My main concern on the bases was making sure I was in the right spot, because as I've explained before, in a two-man system, you have to know where you're going or you can really mess your partner up. I spent the first couple of innings watching the game from the stands with Major League umpire Paul Nauert and going over various situations.
As I was walking away from Paul and towards the field, he offered these words of wisdom: "Just remember, no matter how bad it is it will eventually be over."
Huh. Well, at least I was comforted by the fact that Tim Timmons was over on another field and would miss my debut, though I'm sure he'll see the video at some point.
Oh yeah, the video. I forgot to mention that MLB.com's Ben Platt and his crew were out again to film my time on the field, and I'm sure you'll be able to view that in the near future. They had me talk while I was out on the field to describe the action, and I got some strange looks from some of the fielders, who no doubt thought I was talking to myself.
Anyway, my time on the bases went pretty quickly and uneventfully. Mike had a tough call on the second pitch of the game when the batter hit a long fly ball down the left-field line and he had to decide fair or foul (he correctly called it foul, by the way).
My day was halfway over, but the hardest part, or at least the part of it I was most concerned with, was still to come -- my plate work.
I had a half-inning to put my gear on, which seemed to go by in just a minute or two. Suddenly, I was walking on the field ready to take my spot behind the plate.
The first thought I had while I watched the pitcher throw his warmup pitches was, "Good Lord, this guy throws a heck of a lot faster than the pitching machines we've been practicing on."
I don't know if he was throwing in the upper 80s or not, but he may as well have been Randy Johnson for me.
A couple of pitches in, I quickly realized another difference between the right-hander on the mound and the pitching machine. This guy threw sliders. Great, just what I needed to add to the experience.
I'll spare you the rest of the details of the inning except for one.
We had runners on first and third with one out. The batter smoked the ball to the outfield, I believe it was right-center. Now, my responsibility as the plate umpire is to whip off my mask and head up the third-base line in foul territory glancing back to make sure the runner headed home from third touches the plate. That I did flawlessly.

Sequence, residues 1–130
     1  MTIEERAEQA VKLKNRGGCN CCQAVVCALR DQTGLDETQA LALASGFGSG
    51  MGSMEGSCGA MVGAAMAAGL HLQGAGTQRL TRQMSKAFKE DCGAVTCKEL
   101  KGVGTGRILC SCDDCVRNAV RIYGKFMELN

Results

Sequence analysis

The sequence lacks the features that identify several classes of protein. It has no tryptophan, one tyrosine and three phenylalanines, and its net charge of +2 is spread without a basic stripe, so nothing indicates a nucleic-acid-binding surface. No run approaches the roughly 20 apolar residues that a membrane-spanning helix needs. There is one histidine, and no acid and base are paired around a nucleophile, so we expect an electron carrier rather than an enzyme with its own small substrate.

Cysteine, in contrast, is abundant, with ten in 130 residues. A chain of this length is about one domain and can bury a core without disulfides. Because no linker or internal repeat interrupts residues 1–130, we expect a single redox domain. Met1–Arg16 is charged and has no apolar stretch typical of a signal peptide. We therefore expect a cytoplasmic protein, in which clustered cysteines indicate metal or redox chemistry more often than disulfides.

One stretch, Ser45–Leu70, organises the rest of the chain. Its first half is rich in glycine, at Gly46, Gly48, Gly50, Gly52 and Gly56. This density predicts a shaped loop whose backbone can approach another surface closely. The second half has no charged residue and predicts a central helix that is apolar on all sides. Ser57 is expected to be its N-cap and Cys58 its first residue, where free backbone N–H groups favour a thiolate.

My next job is to yell, "Mike, I've got third if he comes," which lets my partner know that if the runner rounds second and heads for third, I've got the play and he can stay with the guy who hit the ball and is rounding first. That I did flawlessly.
As soon as I see that throw is headed to third, I'm supposed to yell, "Mike, I've got third," and stop into fair territory so that I have a good angle to make the call. That I did nearly flawlessly.
Naturally, since this was my first time working a live game, the throw sailed past the third baseman and off the chain-link fence next to the dugout. All week during drills, that's been a dead ball, so my first reaction was to throw my hands up. Now, I'll have to check the video, but I think I put my hands about halfway to three-quarters of the way up before I realized that was a huge mistake, so I quickly put them down to my side.
And, besides, I had a bigger problem. The runner slid into third, popped up and was headed home, so I turned and started heading in that direction. Naturally, the ball bounced off the fence right to a fielder, and he fired home for a bang-bang play at the plate. Now I'm not in the greatest position to make this call, but from where I'm standing the runner looked out. Or maybe he was safe. No, he looked out. So I called him out with some enthusiasm to make it seem like I had no doubt he was out.
Of course, in reality, I had some doubts, and I couldn't wait until after the inning to ask my evaluators in the stands if he really was out. So as I walked back behind the plate, I passed the hitter who had been near the plate telling the runner to slide.
"He was out, right?" I asked.
He looked at me like I had three heads -- not two, mind you, but three -- before mumbling, "Yeah, you were right."
One pitch later, the runner from first tried to steal second, Mike called him out, and my time behind the plate was done. I'd survived -- if not necessarily thrived -- and all things considered, I'll take that.